You see, Jesus Christ was born to pay the tax. He had come to set sinners free. No Caesar, no Devil, no demons, rutted roads, dusty trails, or violent waters… could stop the love of God. Jesus, the Son of Almighty God... was born of a virgin and laid in a manger. God had come to save us. He would brighten the day.
 Since that wonderful night so long ago, by the power of Holy Spirit our Lord has taught us to hate sin and love the sinner. By his example, he has taught us to how to pay the tax for others and set the burdened free. Jesus taught us that our eternal Father knows what giving is all about. You see, I know this to be true… for since that blessed, holy night… because of that giving love… church steeples yet rise where tall pines grow.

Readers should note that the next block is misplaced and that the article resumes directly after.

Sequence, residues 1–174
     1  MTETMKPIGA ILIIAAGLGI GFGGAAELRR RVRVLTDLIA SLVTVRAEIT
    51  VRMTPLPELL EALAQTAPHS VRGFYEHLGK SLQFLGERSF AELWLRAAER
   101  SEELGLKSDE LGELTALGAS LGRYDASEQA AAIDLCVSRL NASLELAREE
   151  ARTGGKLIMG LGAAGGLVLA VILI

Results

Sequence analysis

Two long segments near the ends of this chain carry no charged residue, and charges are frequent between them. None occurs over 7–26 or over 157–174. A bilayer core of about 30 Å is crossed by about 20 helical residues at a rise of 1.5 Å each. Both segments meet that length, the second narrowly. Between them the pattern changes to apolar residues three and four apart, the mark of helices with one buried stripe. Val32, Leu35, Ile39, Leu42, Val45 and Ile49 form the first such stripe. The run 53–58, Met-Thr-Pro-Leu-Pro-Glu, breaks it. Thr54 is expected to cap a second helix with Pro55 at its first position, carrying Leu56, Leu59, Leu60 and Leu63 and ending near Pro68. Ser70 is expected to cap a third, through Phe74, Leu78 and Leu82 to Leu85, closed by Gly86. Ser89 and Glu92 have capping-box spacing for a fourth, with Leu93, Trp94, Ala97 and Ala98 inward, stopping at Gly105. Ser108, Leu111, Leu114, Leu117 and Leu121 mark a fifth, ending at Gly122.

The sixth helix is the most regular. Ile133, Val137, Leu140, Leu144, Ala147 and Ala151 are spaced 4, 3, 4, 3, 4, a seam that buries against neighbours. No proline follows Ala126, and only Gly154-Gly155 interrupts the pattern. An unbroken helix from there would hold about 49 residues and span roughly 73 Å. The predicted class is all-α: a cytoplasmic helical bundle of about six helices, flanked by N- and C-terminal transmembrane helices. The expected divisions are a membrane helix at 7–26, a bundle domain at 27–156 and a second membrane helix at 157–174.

At this Christmas then, I remember that my earthly father worked diligently as I sat in Great G’ma’s kitchen. I would sit content as a coddled child and eat wonderful, warmed apple pie. While I ate, my father would bring coal up from the basement in a bucket. Next, he would perform his labor of love.
 Dad would shake down the ashes in the stove. He would then take the spent, hot ashes from the firebox and spread them down the snowy driveway, melting ice and giving traction so the other visitors could more easily arrive. Afterward, washing coal dust off himself using cold, hand-pumped water just like a newborn being baptized in a cold marble font… he would turn and say “Brrrr!” He would grin. Then my father would smile and his eyes would twinkle a bit, and say gently to everyone… as I now say to you… “Merry Christmas”.

Wednesday, August 27, 2014

Church Key Evangelism...